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58 assay of activated STAT5 levels within human peripheral blood monocytes to determine the reproducibility of the phenotypic findings for potential use as a minimally invasive T1D biomarker. Assay validity for T1D is uncertain for the entire population, although it may be useful in females as a biomarker for T1D or as an early indicator of autoimmunity. STAT5 is activated by estrogen and progesterone in addition to other hormones so that may be a contributing factor in the usefulness of this assay as a biomarker in studies of gender bias seen in autoimmunity Our studies in humans were limited to analysis of peripheral blood monocytes. Gaipa et al. reported that bone marrow precursor cells of j uvenile myelomonocytic leukemia patients exhibited elevated levels of STAT5 in response to GM CSF stimulation ( 39). In future studies it may be valuable to investigate the functional assays of the project within the context of autoimmune bone marrow precursor cells and autoimmune macrophages. This may also be useful in elucidating the mechanisms driving the observed phenotypes within the NOD mouse and human T1D patient given that the human sequence data did not produce a direct homolog to the mouse binding site changes within the GM CSF gene promoter region.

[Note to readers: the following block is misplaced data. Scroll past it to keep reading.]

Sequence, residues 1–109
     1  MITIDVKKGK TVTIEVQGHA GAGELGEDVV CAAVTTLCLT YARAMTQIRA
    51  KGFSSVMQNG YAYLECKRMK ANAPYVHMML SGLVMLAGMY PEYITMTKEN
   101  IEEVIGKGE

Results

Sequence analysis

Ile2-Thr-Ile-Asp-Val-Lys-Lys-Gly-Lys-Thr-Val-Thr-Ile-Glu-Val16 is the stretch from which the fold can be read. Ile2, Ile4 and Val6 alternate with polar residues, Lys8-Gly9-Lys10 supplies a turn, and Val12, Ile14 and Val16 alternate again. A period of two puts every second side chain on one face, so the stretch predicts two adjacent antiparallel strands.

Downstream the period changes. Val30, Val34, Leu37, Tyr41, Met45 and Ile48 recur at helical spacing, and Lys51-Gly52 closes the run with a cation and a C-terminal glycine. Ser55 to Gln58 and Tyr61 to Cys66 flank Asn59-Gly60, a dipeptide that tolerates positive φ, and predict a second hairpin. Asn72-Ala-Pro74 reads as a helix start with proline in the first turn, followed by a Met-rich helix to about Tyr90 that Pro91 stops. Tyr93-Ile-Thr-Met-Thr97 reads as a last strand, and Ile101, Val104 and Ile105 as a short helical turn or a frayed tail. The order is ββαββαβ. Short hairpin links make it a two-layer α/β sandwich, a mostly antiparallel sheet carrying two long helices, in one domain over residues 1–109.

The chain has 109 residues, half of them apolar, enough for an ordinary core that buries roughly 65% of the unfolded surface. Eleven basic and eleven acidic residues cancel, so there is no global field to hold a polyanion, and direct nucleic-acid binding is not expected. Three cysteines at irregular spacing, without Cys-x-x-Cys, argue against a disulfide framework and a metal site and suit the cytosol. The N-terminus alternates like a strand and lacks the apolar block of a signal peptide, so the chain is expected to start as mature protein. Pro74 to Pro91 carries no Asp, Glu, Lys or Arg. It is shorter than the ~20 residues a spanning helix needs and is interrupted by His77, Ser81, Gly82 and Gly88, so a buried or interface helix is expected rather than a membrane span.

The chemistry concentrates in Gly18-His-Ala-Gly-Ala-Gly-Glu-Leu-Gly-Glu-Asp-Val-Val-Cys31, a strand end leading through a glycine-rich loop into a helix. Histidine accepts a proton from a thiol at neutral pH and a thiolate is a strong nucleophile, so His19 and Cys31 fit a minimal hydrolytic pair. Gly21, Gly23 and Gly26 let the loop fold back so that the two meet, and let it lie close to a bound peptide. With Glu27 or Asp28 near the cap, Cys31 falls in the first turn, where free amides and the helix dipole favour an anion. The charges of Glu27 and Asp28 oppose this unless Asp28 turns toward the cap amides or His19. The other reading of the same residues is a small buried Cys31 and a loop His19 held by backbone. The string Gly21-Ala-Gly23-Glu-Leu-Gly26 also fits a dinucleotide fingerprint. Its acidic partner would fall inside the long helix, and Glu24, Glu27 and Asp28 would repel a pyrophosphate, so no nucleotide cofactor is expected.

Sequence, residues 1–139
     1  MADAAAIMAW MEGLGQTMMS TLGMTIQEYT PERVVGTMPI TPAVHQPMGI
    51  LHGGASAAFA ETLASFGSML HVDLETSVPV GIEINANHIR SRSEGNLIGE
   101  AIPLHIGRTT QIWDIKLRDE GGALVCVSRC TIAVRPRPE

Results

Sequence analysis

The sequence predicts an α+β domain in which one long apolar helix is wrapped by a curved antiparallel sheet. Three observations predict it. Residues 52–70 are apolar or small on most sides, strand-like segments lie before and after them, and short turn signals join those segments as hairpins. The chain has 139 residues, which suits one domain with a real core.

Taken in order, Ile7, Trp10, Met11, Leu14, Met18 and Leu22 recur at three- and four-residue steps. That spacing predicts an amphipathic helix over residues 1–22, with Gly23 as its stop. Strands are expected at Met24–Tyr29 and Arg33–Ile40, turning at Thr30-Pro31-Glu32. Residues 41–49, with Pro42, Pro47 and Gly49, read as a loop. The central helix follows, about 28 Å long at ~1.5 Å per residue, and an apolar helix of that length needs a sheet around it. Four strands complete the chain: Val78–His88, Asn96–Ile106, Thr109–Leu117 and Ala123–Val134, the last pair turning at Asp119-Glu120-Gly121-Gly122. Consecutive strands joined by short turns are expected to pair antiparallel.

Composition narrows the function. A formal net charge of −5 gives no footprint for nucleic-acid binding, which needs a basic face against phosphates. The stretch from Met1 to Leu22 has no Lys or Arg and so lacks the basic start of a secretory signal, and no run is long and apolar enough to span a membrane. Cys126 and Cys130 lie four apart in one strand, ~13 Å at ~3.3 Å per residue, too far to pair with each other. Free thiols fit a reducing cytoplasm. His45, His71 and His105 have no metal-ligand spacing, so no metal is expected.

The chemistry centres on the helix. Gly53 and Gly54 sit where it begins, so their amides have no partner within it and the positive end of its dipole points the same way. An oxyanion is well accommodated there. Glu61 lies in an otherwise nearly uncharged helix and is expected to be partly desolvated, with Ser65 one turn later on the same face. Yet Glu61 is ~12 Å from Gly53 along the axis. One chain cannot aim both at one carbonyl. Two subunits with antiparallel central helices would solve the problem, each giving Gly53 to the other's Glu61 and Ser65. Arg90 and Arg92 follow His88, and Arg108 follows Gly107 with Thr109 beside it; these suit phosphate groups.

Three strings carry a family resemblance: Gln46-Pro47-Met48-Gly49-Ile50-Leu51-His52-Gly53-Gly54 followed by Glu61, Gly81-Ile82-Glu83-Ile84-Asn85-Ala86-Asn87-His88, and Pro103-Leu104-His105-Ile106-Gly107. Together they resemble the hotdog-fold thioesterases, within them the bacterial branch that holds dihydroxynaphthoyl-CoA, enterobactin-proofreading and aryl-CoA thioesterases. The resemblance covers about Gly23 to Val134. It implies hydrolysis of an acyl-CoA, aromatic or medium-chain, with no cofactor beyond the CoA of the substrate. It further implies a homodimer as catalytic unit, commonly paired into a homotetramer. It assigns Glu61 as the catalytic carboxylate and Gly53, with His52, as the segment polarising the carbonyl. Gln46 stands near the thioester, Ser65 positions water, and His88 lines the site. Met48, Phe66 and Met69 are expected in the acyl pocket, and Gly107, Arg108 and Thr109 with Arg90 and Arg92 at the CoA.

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59 LIST OF REFERENCES 1. Rose, N. R. 2004. Autoimmune disease 2002: an overview. J. Investig. Dermatol. Symp. Proc. 9: 14. 2. JDRF. Type 1 Diabetes: Dedicated to Finding a Cure: Juvenile Diabetes Research Foundation International. 2008: 3. Petersen, J. S., K. O. Kyvik, P. J. Bingley, E. A. Gale, A. Green, T. Dyrberg, and H. BeckNielsen. 1997. Population based study of prevalence of islet cell autoantibodies in monozygotic and dizygotic Danish twin pairs with insulin dependent diabetes mellitus. BMJ 314: 15751579. 4. Redondo, M. J., M. Rewers, L. Yu, S. G arg, C. C. Pilcher, R. B. Elliott, and G. S. Eisenbarth. 1999. Genetic determination of islet cell autoimmunity in monozygotic twin, dizygotic twin, and nontwin siblings of patients with type 1 diabetes: prospective twin study. BMJ 318: 698702. 5. Pirot, P., A. K. Cardozo, and D. L. Eizirik. 2008. Mediators and mechanisms of pancreatic beta cell death in type 1 diabetes. Arq. Bras. Endocrinol. Metabol. 52: 156 165. 6. Pihoker, C., L. K. Gilliam, C. S. Hampe, and A. Lernmark. 2005. Autoantibodies in diabet es. Diabetes 54 Suppl 2 : S52 61. 7. Finkel, T. H., J. C. Cambier, R. T. Kubo, W. K. Born, P. Marrack, and J. W. Kappler. 1989. The thymus has two functionally distinct populations of immature alpha beta + T cells: one population is deleted by ligation of a lpha beta TCR. Cell 58: 10471054. 8. Ramsdell, F. and B. J. Fowlkes. 1990. Clonal deletion versus clonal anergy: the role of the thymus in inducing self tolerance. Science 248: 13421348. 9. Serreze, D. V. 1993. Autoimmune diabetes results from genetic de fects manifest by antigen presenting cells. FASEB J. 7: 10921096. 10. Serreze, D. V. and E. H. Leiter. 1991. Development of diabetogenic T cells from NOD/Lt marrow is blocked when an allo H 2 haplotype is expressed on cells of hemopoietic origin, but not on thymic epithelium. J. Immunol. 147: 12221229. 11. Serreze, D. V. and E. H. Leiter. 1988. Defective activation of T suppressor cell function in nonobese diabetic mice. Potential relation to cytokine deficiencies. J. Immunol. 140: 38013807. 12. Ucker, D S., J. Meyers, and P. S. Obermiller. 1992. Activation driven T cell death. II. Quantitative differences alone distinguish stimuli triggering nontransformed T cell proliferation or death. J. Immunol. 149: 15831592. 13. Litherland, S. A., K. M. Grebe, N. S. Belkin, E. Paek, J. Elf, M. Atkinson, L. Morel, M. J. Clare Salzler, and M. McDuffie. 2005. Nonobese diabetic mouse congenic analysis reveals chromosome 11 locus contributing to diabetes susceptibility, macrophage STAT5 dysfunction, and granulocyte macr ophage colony stimulating factor overproduction. J. Immunol. 175: 45614565.